With the launch of Mountain Lion and after suffering a hard drive failure, I decided to investigate other options for my local development environment than using MAMP. MAMP has served me well over the years, but considering the number of visitors to my MAMP + Lion tutorials, it’s obviously not as easy to use as a LAMP server.
Virtual machines are great. I know many people that use commercial products like Parallels and VMWare Fusion to run Windows instances alongside their OS X environments. I’m not here today to compare the various products, just know that for me, the open source VirtualBox more than adequately fills my need.
After discussing my VM desires with some other developers I work with, I discovered that Shared Folders were the killer feature I needed.
Shared folders allow me to take my ~/Sites directory and map it to the /var/www directory on my LAMP-based VM. For the most part this has worked well for me. Obviously, though if all was well, I wouldn’t be writing this post.
I’ve got some code that generates cached templates. With some recent changes I made to an underlying templating engine I’m working on, the engine always creates cached files, but if you are in a development environment (or debug state), it will just overwrite the files with every request.
This led to a problem where the permissions of my mounted folder prevented me from writing these critical files to the shared folder. I got to a point where I could create the file the first time, but the template could not overwrite the file on subsequent saves.
Doing some searching led to a post on the ubuntu stack exchange, which led me to the correct solution. It’s different enough (at least for my setup) that I wanted to chronicle the changes I made.
Since I am mounting a folder that needs to be written to by my Apache user, I needed to set up the mounted point so that it mounts being owned by www-data. To find this information, on the VM command line, I typed:
$ id www-data
This returns the gid and uid of 33 for my VM. Using this information, I was able to update my rc.local file so that the line I use to automatically mount my shared folder reads:
sudo mount -t vboxsf -o umask=002,gid=33,uid=33 www /var/www
After doing a reboot, the shared folder now mounts using www-data as the owner. Now I can write and overwrite to my cached folder without problems!
I may write up an overall how-to on setting up a headless LAMP VM with VirtualBox, but that’ll be for another time.
You know you’re a nerd when you:
And yes, that’s me.
Packages: The Way Forward for PHP -
» Great article articulating what I’ve experienced recently.
Having played around with Composer lately, I’ve gone from a meh to a This is frickin’ awesome mentality. For my new projects, I’m building them around Composer for managing my dependencies and autoloading.
Modern MVC web frameworks often involve a lot of boilerplate code just to support the primary client type of User Agents. This boilerplate code typically does little to help with supporting the other client types of Admin Processes and Unit Tests. As a result of the overhead introduced by this extra boilerplate code, developers often find themselves creating Fat Controllers (a side-effect of The MVC Paradox). Controllers take on too many responsibilities, both vertically and horizontally. Vertically, Controllers start to handle domain logic that should be pushed down to the Model layer. Horizontally, multiple concerns get stuffed into a handful of Controllers. These different horizontal concerns should be separated out into multiple Controllers (the Single Responsibility Principle). The overhead introduced by modern MVC web frameworks leads directly to these problems. —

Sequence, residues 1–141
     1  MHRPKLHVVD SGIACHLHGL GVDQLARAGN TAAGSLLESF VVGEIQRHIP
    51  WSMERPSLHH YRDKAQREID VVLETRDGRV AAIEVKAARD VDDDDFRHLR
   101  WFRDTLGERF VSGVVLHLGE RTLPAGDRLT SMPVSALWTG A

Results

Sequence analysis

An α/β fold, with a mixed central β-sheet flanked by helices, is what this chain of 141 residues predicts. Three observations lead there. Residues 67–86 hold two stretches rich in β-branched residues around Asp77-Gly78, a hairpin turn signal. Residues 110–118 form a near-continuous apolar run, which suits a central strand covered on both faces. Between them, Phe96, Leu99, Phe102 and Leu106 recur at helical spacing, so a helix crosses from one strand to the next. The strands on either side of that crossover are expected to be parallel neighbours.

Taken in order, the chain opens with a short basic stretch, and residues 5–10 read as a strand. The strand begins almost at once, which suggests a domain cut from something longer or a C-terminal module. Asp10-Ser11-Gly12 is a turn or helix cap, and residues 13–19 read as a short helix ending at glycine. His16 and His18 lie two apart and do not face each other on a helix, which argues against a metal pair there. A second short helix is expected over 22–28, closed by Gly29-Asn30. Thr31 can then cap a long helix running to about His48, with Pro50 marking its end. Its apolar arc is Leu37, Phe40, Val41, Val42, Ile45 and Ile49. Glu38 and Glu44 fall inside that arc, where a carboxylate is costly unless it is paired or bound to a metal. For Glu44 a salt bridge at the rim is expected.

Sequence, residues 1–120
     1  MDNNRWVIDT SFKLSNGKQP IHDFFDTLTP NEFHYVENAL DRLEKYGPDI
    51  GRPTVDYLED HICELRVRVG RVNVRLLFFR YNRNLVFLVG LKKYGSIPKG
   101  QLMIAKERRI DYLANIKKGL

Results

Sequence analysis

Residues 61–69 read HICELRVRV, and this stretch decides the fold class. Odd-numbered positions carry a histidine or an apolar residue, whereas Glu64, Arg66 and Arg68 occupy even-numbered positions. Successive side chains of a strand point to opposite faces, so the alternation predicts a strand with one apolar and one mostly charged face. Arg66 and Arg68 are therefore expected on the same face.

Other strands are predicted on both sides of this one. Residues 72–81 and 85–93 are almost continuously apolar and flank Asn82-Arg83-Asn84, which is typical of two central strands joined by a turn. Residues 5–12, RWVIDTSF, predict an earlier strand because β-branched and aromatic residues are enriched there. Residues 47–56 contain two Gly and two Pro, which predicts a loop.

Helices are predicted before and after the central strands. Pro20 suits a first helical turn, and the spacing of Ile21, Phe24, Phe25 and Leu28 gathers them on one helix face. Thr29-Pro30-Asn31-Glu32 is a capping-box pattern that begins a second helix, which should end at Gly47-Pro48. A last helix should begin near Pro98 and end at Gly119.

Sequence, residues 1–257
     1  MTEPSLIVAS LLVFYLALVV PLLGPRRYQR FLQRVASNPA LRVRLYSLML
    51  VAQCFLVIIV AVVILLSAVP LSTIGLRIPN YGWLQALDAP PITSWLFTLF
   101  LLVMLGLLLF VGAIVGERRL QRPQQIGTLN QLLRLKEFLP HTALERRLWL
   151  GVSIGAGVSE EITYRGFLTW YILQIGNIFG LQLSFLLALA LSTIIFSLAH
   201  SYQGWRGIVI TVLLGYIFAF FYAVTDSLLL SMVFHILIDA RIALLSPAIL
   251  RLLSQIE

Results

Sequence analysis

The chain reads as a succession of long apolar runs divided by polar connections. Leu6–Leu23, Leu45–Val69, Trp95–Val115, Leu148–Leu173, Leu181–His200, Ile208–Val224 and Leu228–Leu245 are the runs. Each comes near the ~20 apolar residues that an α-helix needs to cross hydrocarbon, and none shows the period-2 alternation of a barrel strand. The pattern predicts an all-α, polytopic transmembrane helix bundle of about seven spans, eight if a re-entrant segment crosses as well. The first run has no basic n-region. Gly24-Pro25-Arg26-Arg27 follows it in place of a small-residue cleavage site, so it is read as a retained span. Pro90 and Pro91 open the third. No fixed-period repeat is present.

The MVC Paradox – Bradley Holt
» This article is a great read and something I’ve been pondering myself recently. The author references the Slim micro framework which, at least from a cursory glance, is very similar to Silex. I love Silex for the same reasons he mentions Slim:
There is very little boilerplate code involved in handling a User Agent’s request. Minting and handling new routes is incredibly simple. Placing your entire front-end application layer in one file may seem absurd at first. However, it has the nice side-effect of making it painfully obvious if you start to handle domain logic outside of your Model layer or if one route is doing too many things.
I’d recommend checking out these micro-frameworks. Silex has opened my eyes to a new way of designing web applications and services. Where Zend Framework has complexity, Silex offers simplicity.
Today I ran into a problem where my PHP Application would throw this fatal error:
Fatal error: Exception thrown without a stack frame in Unknown on line 0
… After a few minutes I found the problem: I had a class that would save itself to the Session, and that class also had a __sleep method which is invoked on serialization. —
PHP, Sessions, __sleep, and Exceptions | Justin Carmony
I had a similar problem not too long ago. My solution was to call:
at the beginning of the bootstrap process.